Presumably AC has made some payments on account already after all these years so the effect of a £1.7m tax & nic demand should not be as traumatic as it would be to the average taxpayer on a more modest income. That aside, the amounts paid to certain media celebs is fantasy land and yet still it seems it's never enough for them.

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Replying to jon watkin:
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By kim.shaw-and-co.com
10th Jun 2024 17:36

jon watkin wrote:

Presumably AC has made some payments on account already after all these years so the effect of a £1.7m tax & nic demand should not be as traumatic as it would be to the average taxpayer on a more modest income.

... and what about the costs of the UT appeal and now another round at the FTT ?

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By yourai.support
10th Jun 2024 12:42

In criminal law (and pretty much all law) guilt is determined on factual evidence - the fact that HMRC's central case for IR35 (the "hypothetical" contract) is based solely on conjecture clearly proves that IR35 needs scrapping. The first thing the new government needs to do is to force all tax cases to be based solely on factual evidence and to stop this "I say you're guilty, prove me wrong" approach of HMRC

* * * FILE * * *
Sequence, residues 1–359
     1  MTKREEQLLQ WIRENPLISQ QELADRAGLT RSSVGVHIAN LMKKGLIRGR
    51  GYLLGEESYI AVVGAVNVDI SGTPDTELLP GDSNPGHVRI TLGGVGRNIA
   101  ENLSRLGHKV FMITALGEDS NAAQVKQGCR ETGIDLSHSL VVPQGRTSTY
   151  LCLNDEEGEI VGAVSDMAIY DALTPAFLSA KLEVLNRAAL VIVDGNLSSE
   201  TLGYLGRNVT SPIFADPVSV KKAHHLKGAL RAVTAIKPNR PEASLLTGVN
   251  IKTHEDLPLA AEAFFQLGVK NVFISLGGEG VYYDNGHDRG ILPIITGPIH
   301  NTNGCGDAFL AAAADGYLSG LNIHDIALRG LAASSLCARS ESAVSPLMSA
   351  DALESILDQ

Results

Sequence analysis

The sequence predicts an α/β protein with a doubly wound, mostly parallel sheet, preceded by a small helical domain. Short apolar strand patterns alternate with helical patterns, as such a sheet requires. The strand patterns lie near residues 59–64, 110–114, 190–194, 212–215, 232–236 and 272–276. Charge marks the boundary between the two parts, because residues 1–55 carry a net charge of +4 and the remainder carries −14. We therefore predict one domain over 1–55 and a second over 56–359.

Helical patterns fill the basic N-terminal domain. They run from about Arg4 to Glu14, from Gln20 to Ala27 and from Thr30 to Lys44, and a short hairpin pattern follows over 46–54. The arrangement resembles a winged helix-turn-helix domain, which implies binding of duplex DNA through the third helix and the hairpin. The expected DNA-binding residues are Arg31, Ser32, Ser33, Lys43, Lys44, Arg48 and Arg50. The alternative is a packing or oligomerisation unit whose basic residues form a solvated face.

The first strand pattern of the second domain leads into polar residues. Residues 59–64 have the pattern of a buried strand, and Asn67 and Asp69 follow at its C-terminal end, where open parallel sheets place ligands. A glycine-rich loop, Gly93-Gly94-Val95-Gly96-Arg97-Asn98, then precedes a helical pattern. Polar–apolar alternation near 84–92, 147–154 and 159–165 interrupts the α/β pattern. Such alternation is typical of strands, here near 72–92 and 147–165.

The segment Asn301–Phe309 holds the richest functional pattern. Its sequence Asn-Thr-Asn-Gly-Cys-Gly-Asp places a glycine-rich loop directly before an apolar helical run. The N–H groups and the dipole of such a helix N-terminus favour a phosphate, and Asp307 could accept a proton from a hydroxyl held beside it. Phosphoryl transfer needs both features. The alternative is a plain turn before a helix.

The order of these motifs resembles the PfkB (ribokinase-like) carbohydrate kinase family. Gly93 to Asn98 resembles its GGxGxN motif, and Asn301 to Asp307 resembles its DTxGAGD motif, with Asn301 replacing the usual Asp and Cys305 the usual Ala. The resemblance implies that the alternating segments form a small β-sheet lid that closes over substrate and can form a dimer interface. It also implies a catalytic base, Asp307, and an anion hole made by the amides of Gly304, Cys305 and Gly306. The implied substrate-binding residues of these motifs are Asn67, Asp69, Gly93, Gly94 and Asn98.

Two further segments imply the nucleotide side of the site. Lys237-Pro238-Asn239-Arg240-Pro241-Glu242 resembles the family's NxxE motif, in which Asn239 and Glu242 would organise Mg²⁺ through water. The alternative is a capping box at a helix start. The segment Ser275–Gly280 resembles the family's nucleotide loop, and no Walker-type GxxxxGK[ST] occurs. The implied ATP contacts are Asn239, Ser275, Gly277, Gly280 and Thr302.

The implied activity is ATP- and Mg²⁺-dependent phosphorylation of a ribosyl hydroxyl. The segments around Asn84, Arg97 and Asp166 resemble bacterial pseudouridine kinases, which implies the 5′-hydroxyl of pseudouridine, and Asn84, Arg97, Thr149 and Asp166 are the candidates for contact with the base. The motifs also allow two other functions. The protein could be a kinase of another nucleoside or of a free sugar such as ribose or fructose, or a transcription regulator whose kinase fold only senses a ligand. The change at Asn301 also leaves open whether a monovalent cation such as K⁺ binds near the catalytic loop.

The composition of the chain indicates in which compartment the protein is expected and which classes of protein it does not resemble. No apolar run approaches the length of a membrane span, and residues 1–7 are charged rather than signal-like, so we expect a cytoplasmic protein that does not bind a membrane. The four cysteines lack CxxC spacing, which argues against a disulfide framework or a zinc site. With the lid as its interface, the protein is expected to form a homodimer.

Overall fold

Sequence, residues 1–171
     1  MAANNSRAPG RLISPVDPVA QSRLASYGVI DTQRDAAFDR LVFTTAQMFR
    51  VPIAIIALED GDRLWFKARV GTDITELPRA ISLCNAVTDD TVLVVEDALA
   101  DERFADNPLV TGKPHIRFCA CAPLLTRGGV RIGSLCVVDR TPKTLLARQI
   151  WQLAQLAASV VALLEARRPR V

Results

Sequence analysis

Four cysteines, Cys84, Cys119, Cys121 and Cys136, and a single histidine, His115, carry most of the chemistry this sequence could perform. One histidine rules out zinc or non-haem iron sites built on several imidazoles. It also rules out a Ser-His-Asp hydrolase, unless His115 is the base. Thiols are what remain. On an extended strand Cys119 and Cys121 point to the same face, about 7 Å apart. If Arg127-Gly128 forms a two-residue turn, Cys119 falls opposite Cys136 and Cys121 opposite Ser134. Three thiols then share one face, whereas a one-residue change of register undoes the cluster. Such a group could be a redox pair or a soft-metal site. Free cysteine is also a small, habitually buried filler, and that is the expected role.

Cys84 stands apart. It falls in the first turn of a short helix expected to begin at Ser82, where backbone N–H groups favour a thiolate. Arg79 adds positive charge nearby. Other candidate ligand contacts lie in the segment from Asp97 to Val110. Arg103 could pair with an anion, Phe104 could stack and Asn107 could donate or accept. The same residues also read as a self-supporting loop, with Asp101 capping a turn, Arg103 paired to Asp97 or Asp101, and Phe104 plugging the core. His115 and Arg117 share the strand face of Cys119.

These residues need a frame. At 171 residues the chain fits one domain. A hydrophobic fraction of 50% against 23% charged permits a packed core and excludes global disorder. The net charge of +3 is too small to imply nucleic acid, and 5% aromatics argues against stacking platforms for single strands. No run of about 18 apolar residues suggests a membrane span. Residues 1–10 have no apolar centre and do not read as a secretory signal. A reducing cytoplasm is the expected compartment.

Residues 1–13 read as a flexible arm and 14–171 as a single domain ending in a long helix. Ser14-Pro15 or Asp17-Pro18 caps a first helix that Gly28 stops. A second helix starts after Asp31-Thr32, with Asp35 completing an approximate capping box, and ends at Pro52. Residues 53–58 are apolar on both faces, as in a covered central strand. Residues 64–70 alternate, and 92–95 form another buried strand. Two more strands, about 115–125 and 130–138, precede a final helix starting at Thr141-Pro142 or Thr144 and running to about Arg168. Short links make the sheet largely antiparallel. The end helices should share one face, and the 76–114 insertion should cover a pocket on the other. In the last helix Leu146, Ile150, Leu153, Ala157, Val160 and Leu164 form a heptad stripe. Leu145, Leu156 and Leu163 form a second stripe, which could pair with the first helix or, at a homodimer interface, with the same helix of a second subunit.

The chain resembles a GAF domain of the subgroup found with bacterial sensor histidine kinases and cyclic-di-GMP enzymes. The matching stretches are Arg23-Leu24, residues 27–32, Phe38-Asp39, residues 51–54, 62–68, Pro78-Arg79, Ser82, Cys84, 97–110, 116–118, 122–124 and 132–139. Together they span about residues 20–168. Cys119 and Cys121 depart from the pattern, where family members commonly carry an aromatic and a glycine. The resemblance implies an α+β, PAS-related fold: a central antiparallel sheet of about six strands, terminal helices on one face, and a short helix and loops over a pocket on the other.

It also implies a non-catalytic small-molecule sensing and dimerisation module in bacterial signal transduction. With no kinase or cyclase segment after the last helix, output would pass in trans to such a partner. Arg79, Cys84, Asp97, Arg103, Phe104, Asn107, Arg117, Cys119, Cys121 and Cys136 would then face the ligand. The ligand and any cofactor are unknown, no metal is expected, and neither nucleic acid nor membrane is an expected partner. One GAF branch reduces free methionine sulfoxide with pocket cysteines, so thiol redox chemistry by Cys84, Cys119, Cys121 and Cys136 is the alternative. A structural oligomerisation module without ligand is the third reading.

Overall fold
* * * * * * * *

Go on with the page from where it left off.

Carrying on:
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Replying to yourai.support:
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By More unearned luck
11th Jun 2024 12:31

As you know, in tax cases the burden of proof is on the taxpayer to prove HMRC's assertions are wrong. How could it be otherwise? The taxpayer has or should have the evidence to prove the truth of the matter. HMRC doesn't.

If there are unexplained credits to restaurateur's private bank a/c, HMRC can and probably would assert that they were omitted business receipts. The fact that the taxpayer offers no explanation and has not retained any records would, on your basis, mean HMRC couldn't prove its case. As it is it is and if the credits are not business income, the taxpayer is the one that suffers from not giving an explanation and in failing to keep records.